Clinic Report: Laine Ashker Brings Dressage & Jumping Full Circle

Laine Ashker teaching at Candle Light Farm. Photo by Miranda Akins/Photography In Stride. Laine Ashker teaching at Candle Light Farm. Photo by Miranda Akins/Photography In Stride.

Laine Ashker was nothing short of superwoman this past weekend, teaching all day Friday at Candle Light Farms in northeast Ohio, then flying back to Virginia to support her mom Valerie in her final stop on her incredible ride across the country, then hopping on another flight back to Ohio to teach another day of the clinic.

On Friday Laine taught back-to-back dressage lessons, giving insightful advice to all riders, who varied in level of experience from Training to Beginner Novice. All horses, from big Dutch Warmbloods to adorable Haflingers benefitted from the exercises.

A method she greatly focused on was riding your horse from your seat, rather than your legs. She started this by encouraging riders to push the horses into their trot by using only the muscles in their seats, no kicking or spurring. Some riders even had their spurs taken away to emphasize riding from their seat. She encouraged riders to use their seat as more of their “go,” and for their legs to simply be guiding the horse.

“I learned from the upper levels of dressage that you physically can’t kick every stride​​​​​​​​​​​​​​​​ doing tempi changes or one-time changes. You have to train your horse from your seat,” Laine said. Many riders were amazed at how much easier it then was to sit the trot or get results from their aids once they practiced the exercise a few times.

Jennifer Jacobs and Chocolate practicing turn on the forehand. Photo by Miranda Akins/Photography In Stride.

Jennifer Jacobs and Chocolate practicing turn on the forehand. Photo by Miranda Akins/Photography In Stride.

Another exercise she worked on was turn on the forehand. It came naturally for some horse and rider pairs; for other it took the horses a bit longer to understand, but the horses remained very in tune to the riders’ cues. She urged riders throughout the lesson to ride softly with their aids and have quiet hands.

The flat exercises that riders worked on also tied into the jumping portion. For horses that tended to get a little faster in their trot, Laine had them focus on setting the rhythm with their posting. Slowing their post in turn slowed the horses without the riders needing to use their hands.

Jumping day was in full blizzard mode, dropping from 75 degrees on Friday to 30 degrees on Sunday with several inches of snow on the ground. Everyone bundled up in layers and broke out their winter breeches and quarter sheets. Between riders and auditors, I’m pretty sure we went through three boxes of hot chocolate and several pots of coffee!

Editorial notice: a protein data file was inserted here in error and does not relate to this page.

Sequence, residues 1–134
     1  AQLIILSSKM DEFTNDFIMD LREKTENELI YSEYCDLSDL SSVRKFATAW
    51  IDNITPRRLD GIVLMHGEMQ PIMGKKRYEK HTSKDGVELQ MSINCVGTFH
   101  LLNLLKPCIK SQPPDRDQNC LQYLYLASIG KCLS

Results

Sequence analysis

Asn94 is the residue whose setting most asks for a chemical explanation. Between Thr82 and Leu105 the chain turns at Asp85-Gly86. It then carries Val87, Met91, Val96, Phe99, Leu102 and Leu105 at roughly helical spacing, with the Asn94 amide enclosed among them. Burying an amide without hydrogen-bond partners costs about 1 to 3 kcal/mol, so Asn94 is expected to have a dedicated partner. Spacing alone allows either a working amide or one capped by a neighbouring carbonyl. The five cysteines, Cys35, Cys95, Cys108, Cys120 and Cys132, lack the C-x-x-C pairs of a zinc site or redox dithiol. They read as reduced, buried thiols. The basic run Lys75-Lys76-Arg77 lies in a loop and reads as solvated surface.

Since the weather confined riders to the indoor arena, Laine made sure riders were going extremely deep in their corners and staying balanced in tight turns. The course she set up was very educational and made riders focus on straightness and turning with enough room to successfully jump their next fence.

Bitsy Gascoigne and Lire. Photo by Miranda Akins/Photography In Stride.

Bitsy Gascoigne and Lire. Photo by Miranda Akins/Photography In Stride.

The course started with a grid, a single vertical with poles leading to an oxer. Afterwards, the riders had to make tight turns to the left or to the right and continue to three oxers on the long side, each two strides apart.

Laine was constantly reminding riders: “The walls are your friends.” The walls naturally slowed the riders down when using the idea of using the wall to slow down the horses and collect them again to go to the next set of fences. The riders then had a quick turn off the wall to a one stride with plank jumps; they were kept small with the idea of staying balanced to prepare for another tight turn to a barrel with guide poles.

“Widen your hands and let the horses funnel between your hands,” Laine said. “You don’t see anyone riding down to the Head of the Lake at Rolex with their hands close together.”

If riders weren’t straight to the barrel, horses either stopped or jumped to the side, knocking the poles. Straightness was necessary to successfully get over the barrels. After jumping the barrels, riders made a right turn back to the two-stride oxers, then used the wall again to slow their horses down, collect and jump another barrel.

All riders from Beginner Novice to Training completed the course with Laine’s teaching, and there was a noticeable difference for every rider from start to finish. I highly recommend taking the opportunity to take a clinic with Laine if she’s ever in your area or audit one of her clinics because they are fantastic and extremely educational.

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